I believe this divisive rhetoric is dangerous at a time when Wageningen students are better served by uniting. Recently students residing at Droevendaal met to discuss an Idealis policy separating Dutch and international students, and organized themselves into workgroups to fight the policy. The result? Idealis has suspended the policy. Blaming international students for the apartheid at Wageningen is counterproductive and counterfactual.
I dispute the argument in the paper that international students are not ready to represent themselves. The board of WSO is made up of five students from five continents; our members are similarly diverse. Other student organizations and parties, PSF and Veste for example, are also represented by students of diverse origins.
Also, the article blames low attendance on international students’ near lack of attendance. This too is counterfactual. I have yet to discuss this article with another student who was aware of the debate taking place. One must realize that there are many activities each week at Wageningen, and students are busy being students. This said, considering the article reports that the debate was of poor quality and followed an ‘unintelligible’ film, and that one participant intended to ‘oppose literally every motion,’ I cannot say that the attendance of international students would have made this debate productive.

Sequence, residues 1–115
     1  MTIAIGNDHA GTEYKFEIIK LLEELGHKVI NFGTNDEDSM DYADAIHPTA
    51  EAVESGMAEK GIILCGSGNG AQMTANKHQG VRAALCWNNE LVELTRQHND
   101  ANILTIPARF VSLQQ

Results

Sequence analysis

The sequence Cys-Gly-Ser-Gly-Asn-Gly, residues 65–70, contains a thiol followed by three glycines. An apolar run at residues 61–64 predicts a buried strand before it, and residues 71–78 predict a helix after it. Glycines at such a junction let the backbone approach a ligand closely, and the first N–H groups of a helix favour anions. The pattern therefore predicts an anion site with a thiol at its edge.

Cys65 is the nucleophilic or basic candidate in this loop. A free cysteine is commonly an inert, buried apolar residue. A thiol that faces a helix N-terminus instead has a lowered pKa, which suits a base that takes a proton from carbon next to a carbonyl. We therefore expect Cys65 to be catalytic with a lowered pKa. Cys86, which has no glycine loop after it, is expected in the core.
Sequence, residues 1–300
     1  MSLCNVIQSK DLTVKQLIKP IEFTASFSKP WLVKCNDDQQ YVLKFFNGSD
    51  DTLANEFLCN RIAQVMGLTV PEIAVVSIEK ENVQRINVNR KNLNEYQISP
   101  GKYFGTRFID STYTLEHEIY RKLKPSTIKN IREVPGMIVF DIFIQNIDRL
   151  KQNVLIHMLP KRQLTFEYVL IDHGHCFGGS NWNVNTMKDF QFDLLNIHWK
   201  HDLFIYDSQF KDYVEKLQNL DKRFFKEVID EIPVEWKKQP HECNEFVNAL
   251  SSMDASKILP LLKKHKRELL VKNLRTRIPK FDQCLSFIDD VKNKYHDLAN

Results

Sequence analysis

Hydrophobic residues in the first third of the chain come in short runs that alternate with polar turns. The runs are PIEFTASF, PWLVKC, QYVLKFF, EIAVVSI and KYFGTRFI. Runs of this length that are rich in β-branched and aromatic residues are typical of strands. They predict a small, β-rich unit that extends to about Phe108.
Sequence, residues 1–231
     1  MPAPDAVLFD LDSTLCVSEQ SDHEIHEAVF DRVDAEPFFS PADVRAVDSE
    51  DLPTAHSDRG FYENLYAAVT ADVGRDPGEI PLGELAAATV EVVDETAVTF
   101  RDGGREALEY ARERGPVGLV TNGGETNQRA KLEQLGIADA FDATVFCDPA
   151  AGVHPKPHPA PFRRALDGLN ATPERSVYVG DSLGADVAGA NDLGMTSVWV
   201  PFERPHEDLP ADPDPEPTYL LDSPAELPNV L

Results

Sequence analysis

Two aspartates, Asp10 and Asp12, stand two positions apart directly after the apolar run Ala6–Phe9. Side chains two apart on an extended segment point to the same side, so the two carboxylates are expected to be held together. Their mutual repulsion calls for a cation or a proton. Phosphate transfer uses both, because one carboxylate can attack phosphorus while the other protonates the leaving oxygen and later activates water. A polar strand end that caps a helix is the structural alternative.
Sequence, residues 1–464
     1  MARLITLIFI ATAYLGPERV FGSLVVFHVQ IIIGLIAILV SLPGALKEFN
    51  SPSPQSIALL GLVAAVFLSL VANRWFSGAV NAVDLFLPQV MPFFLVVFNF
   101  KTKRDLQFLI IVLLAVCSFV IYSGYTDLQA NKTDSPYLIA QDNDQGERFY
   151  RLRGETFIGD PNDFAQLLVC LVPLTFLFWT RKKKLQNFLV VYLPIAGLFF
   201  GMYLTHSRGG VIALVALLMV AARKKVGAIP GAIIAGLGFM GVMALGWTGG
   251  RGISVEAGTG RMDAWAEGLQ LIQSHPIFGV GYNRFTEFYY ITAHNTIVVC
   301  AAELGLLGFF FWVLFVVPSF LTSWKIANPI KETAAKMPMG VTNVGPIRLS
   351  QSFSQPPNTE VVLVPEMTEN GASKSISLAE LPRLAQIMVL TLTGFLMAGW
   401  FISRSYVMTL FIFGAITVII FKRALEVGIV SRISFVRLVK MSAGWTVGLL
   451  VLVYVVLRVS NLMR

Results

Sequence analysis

I hope that this rejoinder contributes to the debate on internationalization at Wageningen and that international students at Wageningen (both Dutch and non-Dutch) can embrace solidarity rather than apartheid.